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‘So many of our children had a loss to mourn. Isn’t that what poetry’s for?’

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In an extract from her new book, poet and teacher Kate Clanchy recounts how a school poetry club enabled often traumatised pupils to find their inner voice

• Read an interview with Kate Clanchy

Thirty years ago, just after I graduated, I started training to be a teacher. I wanted to change the world and a state school seemed the best place to start. Certainly, it wasn’t a compromise or a stopgap career: I had no thought of being a writer then.

Soon, I was much too busy to write, even if I had thought of it. Teacher training is hard, a crash course not so much in the study of education, but in the experience of school: in the taking of the register and the movement of chairs from room to room; in the flooding sounds of corridor and stairs; in the educational seasons, from the tempering heat of exam week to the crazy cosiness of Christmas; and, above all, in the terrifying confidence trick that is classroom discipline. It’s a bodily experience, like learning to be a beekeeper or an acrobat: a series of stinging humiliations and painful accidents and occasional sublime flights that leave you either crippled or changed. If you are changed, you are changed for life: your immune system will no longer raise hives when adolescents mock you; you may stand at the door of a noisy classroom with all the calm of a high-wire walker, poised to quell the noise with a twirl of your pole.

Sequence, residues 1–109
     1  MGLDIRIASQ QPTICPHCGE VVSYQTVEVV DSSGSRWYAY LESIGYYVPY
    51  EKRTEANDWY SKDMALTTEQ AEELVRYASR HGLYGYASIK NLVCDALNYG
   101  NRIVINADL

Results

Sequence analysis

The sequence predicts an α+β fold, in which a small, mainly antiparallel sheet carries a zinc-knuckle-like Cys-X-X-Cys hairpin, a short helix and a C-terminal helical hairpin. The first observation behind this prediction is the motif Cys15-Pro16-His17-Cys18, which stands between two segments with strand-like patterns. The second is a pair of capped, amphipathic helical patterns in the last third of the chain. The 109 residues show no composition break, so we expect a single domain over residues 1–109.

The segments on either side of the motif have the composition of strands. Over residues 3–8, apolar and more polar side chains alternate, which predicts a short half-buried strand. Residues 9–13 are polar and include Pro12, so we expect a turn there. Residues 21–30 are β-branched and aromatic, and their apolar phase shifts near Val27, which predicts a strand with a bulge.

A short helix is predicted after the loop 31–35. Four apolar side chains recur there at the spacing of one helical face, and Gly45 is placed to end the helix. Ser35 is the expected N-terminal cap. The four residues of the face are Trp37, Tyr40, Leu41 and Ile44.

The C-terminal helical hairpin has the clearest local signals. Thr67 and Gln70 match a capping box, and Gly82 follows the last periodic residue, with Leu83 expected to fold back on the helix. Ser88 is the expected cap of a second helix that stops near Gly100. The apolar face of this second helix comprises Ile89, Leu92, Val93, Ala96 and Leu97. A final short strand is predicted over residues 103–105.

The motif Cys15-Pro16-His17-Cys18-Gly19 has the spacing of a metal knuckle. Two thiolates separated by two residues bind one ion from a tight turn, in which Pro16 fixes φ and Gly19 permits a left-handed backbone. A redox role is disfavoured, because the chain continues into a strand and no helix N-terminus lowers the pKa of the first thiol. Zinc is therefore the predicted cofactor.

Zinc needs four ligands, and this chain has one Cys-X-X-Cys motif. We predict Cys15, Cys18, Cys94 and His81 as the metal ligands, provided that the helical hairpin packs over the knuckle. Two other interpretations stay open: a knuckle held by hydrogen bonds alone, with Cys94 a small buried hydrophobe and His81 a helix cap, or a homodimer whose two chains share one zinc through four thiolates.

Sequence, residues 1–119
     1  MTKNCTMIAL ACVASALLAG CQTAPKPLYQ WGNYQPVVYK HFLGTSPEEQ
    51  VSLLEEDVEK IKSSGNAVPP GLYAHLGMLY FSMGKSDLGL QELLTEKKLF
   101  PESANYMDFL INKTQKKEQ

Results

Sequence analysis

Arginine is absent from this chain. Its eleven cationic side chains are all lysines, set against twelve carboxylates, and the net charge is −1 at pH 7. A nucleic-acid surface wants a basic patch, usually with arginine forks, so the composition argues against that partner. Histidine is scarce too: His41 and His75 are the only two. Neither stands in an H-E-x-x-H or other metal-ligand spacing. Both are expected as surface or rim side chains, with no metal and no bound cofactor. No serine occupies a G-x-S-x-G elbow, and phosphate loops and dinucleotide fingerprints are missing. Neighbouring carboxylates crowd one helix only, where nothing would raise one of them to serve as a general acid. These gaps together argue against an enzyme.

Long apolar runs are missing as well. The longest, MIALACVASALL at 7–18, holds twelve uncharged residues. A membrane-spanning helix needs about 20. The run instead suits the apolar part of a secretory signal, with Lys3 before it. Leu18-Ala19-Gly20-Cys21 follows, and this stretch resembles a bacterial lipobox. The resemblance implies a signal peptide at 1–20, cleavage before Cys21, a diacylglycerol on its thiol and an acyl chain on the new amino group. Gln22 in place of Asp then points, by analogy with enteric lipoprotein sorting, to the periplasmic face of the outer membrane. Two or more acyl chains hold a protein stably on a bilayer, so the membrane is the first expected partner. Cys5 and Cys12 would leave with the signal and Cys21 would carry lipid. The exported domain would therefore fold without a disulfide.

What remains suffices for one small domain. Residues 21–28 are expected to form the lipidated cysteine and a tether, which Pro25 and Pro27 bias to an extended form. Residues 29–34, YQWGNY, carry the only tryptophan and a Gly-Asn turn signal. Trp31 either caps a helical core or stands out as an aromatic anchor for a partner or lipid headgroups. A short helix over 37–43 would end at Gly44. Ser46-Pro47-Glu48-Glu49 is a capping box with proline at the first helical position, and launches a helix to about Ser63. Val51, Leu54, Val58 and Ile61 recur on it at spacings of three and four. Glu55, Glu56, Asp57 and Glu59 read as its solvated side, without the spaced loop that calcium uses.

Related: The Very Quiet Foreign Girls poetry group | Kate Clanchy

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